Infinity Ward have certainly found their formula. More than any other recent game it meant my girlfriend had to suffer me shouting ‘have a look at this!’. It certainly has it’s moments, the 141 missions especially, but in the more traditional shooter levels its flaws are exposed more.

    Having not heard much about the ‘No Russian’ level, I found it uncomfortable. But I think in the way intended.

    • Jeremy says:

      True, but why was it intended? Alec brought up a great point, in that… what was the point? They knew they could disturb us and did so, but with no real reason other than to prove it.

    • Kieron Gillen says:

      Jeremy: Exactly. I plan to actually write something just on that ASAP.


    • kwyjibo says:

      Why not show it? You’d have required a cutscene and/or news reel footage to show it anyway. And it allows the player to link being sold out with General Shepherd. And disturbing the player is a good thing, they’re too fucking complacent, making them sit up for once and actually engage parts of their brain other than whack-a-mole is a positive.

      What was more pointless was the EMP strike viewed from space. It was a cutscene, why not just make it as such? Did they even need to spell it out?

    • Jeremy says:

      What did it really engage? What sort of “thought provoking” discussions has it introduced?

    • Wulf says:

      I’m not trying to stir things up here (honestly), but I’m getting a picture in my head about this and I’m wondering if I’m right or not, because it’s been a problem in so many mainstream games, some mask it better than others, but it sounds like MW2 didn’t care to at all.

      It’s just …

      Location: Go here, shoot stuff, no reason.
      Stuff: It happens, we wanted to show you it, no reason.
      Bit ‘o content: Bit ‘o fun, has no relation to what you were just doing, no reason.

      Rinse and repeat until done.

      Okay, now here’s the more passionate part: If this asusmption is right, then I’m rather glad I don’t have children, because this would completely fark up their perception of the flow of time, and of what a plot is supposed to be.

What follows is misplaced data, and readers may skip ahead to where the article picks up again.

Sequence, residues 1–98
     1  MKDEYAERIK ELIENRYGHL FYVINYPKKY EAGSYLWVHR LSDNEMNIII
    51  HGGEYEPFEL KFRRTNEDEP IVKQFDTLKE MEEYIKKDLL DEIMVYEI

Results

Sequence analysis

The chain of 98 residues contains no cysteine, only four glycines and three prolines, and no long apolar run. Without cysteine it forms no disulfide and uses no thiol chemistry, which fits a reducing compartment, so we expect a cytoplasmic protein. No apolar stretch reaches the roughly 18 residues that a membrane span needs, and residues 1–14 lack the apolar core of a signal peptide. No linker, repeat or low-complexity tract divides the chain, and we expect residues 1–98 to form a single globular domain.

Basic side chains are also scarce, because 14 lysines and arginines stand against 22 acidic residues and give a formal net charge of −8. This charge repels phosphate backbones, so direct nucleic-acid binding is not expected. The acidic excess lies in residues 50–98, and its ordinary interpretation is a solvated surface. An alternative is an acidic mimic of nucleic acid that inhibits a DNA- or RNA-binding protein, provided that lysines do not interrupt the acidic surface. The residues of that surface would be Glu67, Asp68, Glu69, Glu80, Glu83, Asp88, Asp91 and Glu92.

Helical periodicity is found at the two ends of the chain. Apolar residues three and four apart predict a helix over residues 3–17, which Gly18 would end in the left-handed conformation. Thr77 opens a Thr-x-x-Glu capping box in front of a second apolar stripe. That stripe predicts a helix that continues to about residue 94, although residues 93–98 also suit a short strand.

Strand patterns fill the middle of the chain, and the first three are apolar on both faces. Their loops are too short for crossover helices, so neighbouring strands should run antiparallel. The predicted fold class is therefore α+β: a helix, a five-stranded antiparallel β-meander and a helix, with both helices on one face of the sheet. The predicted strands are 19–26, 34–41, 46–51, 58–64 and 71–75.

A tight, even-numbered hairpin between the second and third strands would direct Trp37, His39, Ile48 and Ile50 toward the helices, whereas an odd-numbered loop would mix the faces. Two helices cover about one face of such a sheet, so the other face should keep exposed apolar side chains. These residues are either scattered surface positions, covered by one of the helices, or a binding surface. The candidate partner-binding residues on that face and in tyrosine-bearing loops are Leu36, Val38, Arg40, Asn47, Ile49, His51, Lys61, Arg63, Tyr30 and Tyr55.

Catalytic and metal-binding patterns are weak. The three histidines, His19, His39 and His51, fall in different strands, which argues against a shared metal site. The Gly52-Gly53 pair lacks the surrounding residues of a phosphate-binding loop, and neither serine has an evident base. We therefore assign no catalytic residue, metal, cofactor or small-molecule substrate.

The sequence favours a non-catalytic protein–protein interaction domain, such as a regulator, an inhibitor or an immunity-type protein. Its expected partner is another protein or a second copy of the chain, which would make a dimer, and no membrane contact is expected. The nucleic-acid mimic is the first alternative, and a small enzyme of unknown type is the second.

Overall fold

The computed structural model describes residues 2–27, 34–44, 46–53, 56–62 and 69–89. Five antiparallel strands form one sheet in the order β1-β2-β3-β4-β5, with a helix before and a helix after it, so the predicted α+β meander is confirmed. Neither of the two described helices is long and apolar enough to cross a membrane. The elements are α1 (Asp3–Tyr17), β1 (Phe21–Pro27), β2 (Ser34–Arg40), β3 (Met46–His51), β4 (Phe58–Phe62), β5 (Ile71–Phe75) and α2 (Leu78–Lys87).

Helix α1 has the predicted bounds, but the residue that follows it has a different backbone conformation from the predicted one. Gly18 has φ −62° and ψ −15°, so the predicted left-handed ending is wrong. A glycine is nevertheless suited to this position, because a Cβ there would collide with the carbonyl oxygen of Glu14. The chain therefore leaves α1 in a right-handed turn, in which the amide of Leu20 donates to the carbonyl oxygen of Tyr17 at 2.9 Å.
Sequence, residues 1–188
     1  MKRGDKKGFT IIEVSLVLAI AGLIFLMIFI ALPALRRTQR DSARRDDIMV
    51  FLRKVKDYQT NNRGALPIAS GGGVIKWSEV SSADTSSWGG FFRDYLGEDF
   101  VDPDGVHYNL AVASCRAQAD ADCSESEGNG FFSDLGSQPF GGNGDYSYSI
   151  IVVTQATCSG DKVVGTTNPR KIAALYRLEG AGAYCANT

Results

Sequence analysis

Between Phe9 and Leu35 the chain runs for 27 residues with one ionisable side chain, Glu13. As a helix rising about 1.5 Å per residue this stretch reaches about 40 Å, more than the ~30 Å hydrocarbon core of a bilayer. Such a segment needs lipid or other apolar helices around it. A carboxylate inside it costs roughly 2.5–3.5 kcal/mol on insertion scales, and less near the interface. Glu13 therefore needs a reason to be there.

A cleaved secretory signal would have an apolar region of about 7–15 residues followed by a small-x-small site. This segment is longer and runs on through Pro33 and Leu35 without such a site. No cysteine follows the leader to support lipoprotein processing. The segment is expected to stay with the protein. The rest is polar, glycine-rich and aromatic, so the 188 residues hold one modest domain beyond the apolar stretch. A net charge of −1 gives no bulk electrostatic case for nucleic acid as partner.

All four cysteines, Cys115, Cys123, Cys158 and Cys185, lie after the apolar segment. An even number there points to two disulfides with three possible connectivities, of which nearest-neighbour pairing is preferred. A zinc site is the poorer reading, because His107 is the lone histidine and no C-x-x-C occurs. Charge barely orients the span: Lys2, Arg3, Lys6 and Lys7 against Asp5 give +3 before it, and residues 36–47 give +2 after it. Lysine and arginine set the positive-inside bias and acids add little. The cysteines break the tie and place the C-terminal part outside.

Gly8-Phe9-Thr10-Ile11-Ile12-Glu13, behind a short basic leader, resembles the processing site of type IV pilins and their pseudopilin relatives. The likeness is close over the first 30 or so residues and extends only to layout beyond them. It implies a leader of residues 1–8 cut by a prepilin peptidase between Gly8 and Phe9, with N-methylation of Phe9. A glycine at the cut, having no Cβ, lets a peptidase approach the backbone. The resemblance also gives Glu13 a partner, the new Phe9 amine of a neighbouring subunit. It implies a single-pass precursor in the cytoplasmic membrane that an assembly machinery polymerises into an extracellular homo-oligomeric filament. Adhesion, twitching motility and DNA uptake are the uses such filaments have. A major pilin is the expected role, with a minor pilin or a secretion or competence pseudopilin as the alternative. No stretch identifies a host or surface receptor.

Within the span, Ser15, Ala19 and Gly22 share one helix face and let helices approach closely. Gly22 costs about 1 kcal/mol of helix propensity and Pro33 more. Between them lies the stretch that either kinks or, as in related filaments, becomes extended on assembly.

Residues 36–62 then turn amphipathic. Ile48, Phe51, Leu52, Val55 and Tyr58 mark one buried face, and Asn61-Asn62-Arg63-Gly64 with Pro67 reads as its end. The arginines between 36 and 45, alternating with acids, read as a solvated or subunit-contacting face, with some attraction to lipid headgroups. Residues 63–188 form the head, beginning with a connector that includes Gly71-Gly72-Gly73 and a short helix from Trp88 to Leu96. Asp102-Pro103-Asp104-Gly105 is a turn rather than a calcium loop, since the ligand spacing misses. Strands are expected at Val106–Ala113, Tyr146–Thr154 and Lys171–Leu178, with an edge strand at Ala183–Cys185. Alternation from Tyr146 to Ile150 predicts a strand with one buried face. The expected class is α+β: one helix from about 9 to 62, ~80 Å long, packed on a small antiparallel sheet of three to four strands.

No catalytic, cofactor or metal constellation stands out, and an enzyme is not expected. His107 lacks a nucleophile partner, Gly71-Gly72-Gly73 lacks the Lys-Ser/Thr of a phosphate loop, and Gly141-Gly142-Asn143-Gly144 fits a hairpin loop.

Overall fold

It sounds like there’s absolutely no sense of cohesion, reason, or rhyme. And this is exactly the problem I’ve had with a lot of games… and this is precisely what I was ranting about with the looks of Diablo III, not that I really think anyone comprehends what I’m getting at. I’m just some insane soothsaying savant. >.>

      It’s like many mainstream games are being developed in chunks, like little, half hour chunks, with shared resources, then they just slap it all together and throw it in a box. Is that a fair assessment?

      That’s why I’m avoiding the majority of the mainstream lately, and why I’m so hard on it.

      I feel old when I say this, but a sense of story and actual ongong progression used to be important, being able to spin a tale in a game that wasn’t completely horrible was a point of pride, these days it seems like some developers aren’t even trying.

      I think Modern Warfare 3 is just going to be something along the lines of “You’ve been stuffed into a holo-simulator, you’ll be put through a number of scenarios in a number of locations, just deal with it, soldier!” And who knows? From what I understand thus far, that plot might have improved MW2.

    • TotalBiscuit says:

      Well we discussed this for 45 minutes on the latest podcast so I can’t really condense my full thoughts on this into one comment, but what I will say is that No Russian was trying to achieve something and failed to do so. It was trying to make you feel something other than an adrenaline rush. Games in general have only been capable of 3 emotional states up until now, adrenaline rush, fear and laughter. Very few games have invoked any other emotion deliberately and that is holding games back as a story-telling medium. If a game is incapable of making the player experience a full range of emotions then it is an ineffective story-telling device. In order for games to mature and grow into a fully fledged and accepted form of media, they must deal with issues like violence and sexuality in a proper manner.